Subsequent cases have affirmed the granting of directed verdicts for defendants on the basis of the insufficiency of the plaintifFs evidence on the issue of whether the defendant knew or should have known of the plaintiffs dangerous use of a scaffold or hoist.2 In Lavery v. Ridgeway House, Inc., 117 Ill. App. 2d 176, 254 N.E.2d 117, for example, a workman was injured while riding a material hoist, a device designed to lift *887equipment, not men. The plaintiff introduced evidence that on at least one occasion prior to his injury a workman had been seen riding the hoist. Nonetheless, the court upheld the defendant’s directed verdict, citing as factors in its decision the absence of evidence indicating that the hoist was in a defective condition and the fact that the personnel of defendant who were present at the jobsite never saw any workers riding the hoist.

Likewise, in Mundt v. Ragnar Benson, Inc., 18 Ill. App. 3d 758, 769, 310 N.E.2d 633, the court held that the “plaintifFs proof had been insufficient to make out a case under the Illinois’ Structural Work Act.” The plaintiff had been injured when he fell through a hole left for an elevator shaft in a building that was under construction. Plaintiff brought suit against the owner of the building and the “management contractor.” The evidence showed that the plaintifFs employer, a subcontractor, was responsible for covering the holes and for the shoring, decking and stripping operations on the site. In addition, the plaintiff’s employer was responsible for coordinating the various trades on the job. There does not seem to have been any indication that the defendants exercised direct control over these operations. The court, while noting that “in our opinion, defendants did have ‘charge of’ the subject construction within the Act’s provisions”, held that the defendants were not guilty of a willful violation or a willful failure to comply with the Act.

In the instant case the evidence indicates that plaintiff’s practice of remaining on the. Baker scaffold while it was moved constitutes a dangerous usage of the device and one for which it was not intended. There was no indication that the scaffold was in a dangerous or defective condition. The evidence further indicated that there were no unusual hazards present on the construction site where plaintiff was injured. Plaintiff in his reply brief asserts that “Frolik was on the premises daily and had actual knowledge of the unsafe custom and practice of working with scaffolds.” Frolik was asked whether he had “knowledge as to the custom and practice of the industry as to whether a tradesman stays on the scaffold while it’s being moved.” He replied, “That is often done.” Frolik further testified that he had no particular knowledge of the skills used by any building trade nor any specific knowledge of the manner in which plaintiff carried out his job. There was no evidence that Frolik, the job superintendent, actually saw the scaffold being moved with plaintiff on it or that he knew the practice was going on.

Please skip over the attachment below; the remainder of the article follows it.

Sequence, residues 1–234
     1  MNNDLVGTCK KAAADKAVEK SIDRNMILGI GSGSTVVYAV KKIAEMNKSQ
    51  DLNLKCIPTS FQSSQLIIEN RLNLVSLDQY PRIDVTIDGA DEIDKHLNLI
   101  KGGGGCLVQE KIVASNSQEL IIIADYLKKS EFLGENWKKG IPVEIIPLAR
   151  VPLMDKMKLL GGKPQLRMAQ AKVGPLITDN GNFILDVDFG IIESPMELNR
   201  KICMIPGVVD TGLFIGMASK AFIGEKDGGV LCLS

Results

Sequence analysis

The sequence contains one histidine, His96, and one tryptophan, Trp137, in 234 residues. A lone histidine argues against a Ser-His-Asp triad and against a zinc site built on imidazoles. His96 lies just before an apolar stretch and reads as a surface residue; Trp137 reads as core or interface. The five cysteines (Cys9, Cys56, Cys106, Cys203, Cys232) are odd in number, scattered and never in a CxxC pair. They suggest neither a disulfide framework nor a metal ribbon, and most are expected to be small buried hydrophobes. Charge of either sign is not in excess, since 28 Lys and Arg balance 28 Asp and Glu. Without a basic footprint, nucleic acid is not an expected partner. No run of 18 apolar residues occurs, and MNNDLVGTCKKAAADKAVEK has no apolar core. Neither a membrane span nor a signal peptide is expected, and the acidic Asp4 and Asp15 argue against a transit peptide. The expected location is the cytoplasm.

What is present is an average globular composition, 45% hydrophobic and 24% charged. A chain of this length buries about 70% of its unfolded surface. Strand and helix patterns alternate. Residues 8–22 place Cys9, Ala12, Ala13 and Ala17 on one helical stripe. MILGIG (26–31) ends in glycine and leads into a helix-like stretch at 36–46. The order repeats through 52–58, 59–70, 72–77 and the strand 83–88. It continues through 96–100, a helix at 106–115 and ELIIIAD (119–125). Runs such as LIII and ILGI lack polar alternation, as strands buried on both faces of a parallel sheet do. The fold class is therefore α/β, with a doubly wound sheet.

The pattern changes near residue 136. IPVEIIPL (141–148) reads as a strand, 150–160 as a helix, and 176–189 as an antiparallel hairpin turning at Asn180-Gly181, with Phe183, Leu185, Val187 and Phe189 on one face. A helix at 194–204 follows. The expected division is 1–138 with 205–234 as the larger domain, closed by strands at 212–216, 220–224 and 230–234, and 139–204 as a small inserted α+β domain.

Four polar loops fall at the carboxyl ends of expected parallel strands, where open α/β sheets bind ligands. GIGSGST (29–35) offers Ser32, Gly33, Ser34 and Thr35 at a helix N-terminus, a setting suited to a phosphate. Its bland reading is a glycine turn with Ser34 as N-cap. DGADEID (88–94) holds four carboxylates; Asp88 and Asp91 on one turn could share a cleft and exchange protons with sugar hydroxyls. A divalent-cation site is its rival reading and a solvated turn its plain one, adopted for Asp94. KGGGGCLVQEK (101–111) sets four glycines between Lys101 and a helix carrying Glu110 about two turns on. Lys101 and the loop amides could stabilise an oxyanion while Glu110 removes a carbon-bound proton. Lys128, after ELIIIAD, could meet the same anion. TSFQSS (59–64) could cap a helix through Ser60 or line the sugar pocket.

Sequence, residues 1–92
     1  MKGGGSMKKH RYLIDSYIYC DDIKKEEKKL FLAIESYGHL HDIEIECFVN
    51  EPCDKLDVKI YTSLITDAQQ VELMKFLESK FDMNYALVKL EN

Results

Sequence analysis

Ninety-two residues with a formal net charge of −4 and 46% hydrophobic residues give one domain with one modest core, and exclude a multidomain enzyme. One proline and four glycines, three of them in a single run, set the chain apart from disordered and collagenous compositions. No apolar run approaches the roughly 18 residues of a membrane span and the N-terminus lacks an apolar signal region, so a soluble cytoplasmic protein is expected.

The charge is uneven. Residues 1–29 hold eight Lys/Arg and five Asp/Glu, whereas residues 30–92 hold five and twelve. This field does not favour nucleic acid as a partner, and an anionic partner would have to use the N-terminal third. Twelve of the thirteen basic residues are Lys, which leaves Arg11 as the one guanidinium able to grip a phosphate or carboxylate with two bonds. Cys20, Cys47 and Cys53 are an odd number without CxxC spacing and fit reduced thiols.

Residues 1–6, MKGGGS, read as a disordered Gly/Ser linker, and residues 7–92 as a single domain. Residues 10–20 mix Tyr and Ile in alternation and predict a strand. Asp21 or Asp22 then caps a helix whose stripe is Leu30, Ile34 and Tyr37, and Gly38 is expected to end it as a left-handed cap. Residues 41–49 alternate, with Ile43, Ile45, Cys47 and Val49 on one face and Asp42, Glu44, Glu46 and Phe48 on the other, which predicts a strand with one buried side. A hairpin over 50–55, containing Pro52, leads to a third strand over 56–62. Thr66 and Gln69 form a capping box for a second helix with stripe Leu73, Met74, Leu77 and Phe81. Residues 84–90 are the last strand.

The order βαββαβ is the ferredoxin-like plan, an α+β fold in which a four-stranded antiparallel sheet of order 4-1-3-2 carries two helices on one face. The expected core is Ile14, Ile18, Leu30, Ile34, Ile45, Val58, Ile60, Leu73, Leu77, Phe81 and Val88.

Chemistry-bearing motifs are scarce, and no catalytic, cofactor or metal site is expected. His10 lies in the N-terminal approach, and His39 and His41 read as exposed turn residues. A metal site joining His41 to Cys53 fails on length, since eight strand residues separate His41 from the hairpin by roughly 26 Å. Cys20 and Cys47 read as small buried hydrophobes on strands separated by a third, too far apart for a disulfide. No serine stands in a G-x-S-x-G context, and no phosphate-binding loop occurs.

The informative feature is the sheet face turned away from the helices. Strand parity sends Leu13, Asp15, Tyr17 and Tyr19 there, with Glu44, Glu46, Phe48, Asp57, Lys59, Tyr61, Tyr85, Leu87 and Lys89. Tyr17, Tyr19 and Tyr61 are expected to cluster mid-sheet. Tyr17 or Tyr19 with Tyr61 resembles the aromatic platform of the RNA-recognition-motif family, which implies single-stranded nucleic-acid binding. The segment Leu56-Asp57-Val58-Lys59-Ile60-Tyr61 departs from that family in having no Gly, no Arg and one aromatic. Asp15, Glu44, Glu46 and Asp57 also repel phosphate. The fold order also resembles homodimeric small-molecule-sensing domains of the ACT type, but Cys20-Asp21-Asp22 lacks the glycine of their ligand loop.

Moreover, from the record before us we do not believe that it could be held that Frolik should have known of plaintifFs utilization of the scaffold in an unsafe manner. Plaintiff was under the direct supervision of his foreman, an employee of the subcontractor of a subcontractor. The scaffold was not in continuous mbtion but rather was pushed a distance of *888a very few feet only when marking operations at a particular location were completed. Frolik was charged with the overall supervision of the construction of a multistory office tower, a project necessitating the use of many workmen employed by several different subcontractors. He exercised no direct control over the manner in which these workmen did their jobs. In view of these circumstances we cannot say that plaintiff’s evidence established a willful violation or a willful failure to comply with the terms of the Act by Del E. Webb Corporation. The granting of a directed verdict on behalf of this last, defendant was not error.